For weeks this spring I was obsessed with the (alleged) Unabomber. I scoured the daily stories about him in the paper, and found myself checking all those indistinguishable TV newsmagazine shows just for Unabomber features. The Kaczynski story has become for me one of those odd little items in our history that speaks volumes about our culture and our country.
The wise guys at Time mag were calling the story “The Unabomber Saga,” and I think I know why: It has family conflicts worthy of a Greek tragedy, played out under the Big Sky of Montana and on the frontiers of counter-culturalist ideology.
Most of the mass media Unabomber coverage that gets beyond the contents of Kaczynski’s cabin has tended to focus on the brother vs. brother—Cain and Abel—aspect of the story. The tale of the accused Ted Kaczynski and the accuser, brother David, certainly holds the material for a grand American novel or film. It is a post-industrial East of Eden, or Dallas with introspective intellectuals instead of oil barons. Cross all that with strong elements of The Fugitive. (Richard Kimball’s family never ratted him out. Were they right?)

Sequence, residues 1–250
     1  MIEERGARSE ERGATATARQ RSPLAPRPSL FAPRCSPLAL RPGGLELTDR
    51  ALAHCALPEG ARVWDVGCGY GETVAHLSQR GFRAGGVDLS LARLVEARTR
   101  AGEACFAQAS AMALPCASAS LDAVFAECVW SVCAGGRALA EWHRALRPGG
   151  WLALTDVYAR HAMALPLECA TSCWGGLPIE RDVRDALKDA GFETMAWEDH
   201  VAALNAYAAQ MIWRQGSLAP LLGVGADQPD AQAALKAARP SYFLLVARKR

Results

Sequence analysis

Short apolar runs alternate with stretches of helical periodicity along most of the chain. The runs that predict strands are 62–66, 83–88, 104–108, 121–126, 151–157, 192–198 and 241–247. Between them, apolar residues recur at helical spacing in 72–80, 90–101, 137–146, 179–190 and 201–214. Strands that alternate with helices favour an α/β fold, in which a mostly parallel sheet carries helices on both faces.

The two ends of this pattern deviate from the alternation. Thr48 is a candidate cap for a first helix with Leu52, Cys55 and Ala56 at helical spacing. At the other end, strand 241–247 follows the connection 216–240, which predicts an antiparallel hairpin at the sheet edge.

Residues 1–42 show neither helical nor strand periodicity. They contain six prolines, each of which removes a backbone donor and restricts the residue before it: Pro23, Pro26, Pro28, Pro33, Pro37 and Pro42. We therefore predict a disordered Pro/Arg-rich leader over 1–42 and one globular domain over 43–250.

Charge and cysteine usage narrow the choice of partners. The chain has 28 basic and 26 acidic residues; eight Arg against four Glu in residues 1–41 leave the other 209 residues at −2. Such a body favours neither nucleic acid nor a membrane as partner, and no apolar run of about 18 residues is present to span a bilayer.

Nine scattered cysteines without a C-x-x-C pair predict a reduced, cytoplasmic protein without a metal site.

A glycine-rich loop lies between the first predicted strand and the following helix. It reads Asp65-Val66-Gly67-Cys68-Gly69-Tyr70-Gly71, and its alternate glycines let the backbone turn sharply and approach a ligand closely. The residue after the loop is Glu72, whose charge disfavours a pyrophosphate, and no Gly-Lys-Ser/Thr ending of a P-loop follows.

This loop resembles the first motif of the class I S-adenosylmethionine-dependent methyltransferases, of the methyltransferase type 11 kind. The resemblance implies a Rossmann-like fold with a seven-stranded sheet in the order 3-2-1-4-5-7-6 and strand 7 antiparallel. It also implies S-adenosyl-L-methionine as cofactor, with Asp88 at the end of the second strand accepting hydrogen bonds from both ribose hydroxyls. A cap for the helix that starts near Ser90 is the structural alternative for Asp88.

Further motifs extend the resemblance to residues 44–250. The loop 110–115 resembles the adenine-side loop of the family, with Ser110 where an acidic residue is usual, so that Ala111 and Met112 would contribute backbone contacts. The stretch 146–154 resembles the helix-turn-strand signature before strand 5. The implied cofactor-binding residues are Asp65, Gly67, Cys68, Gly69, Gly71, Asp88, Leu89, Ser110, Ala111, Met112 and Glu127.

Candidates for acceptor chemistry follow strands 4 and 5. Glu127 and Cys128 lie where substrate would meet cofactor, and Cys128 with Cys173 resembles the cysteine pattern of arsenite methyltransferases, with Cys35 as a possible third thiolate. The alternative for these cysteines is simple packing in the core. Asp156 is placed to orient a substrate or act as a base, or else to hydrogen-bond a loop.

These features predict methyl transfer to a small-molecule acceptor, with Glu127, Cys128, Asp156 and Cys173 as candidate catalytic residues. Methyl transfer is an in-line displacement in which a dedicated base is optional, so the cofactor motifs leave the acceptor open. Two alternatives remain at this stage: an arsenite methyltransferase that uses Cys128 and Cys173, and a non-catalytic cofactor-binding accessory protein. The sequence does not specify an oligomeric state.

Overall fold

This understandable fascination with the family story has so far obscured the strong and twisted ideological undercurrents of the Unabomber story. (That may change when or if Kaczynski, the putative manifesto author, speaks for himself at trial.) The only serious attempt at drawing these kinds of connections came when a variety of right-wing flacks smelled the opportunity to paint the alleged Unabomber in shades of Green. When Earth First! literature supposedly turned up in the Unashack, a round of stories labeled the Unabomber an eco-terrorist—some even hinting at a broader eco- conspiracy.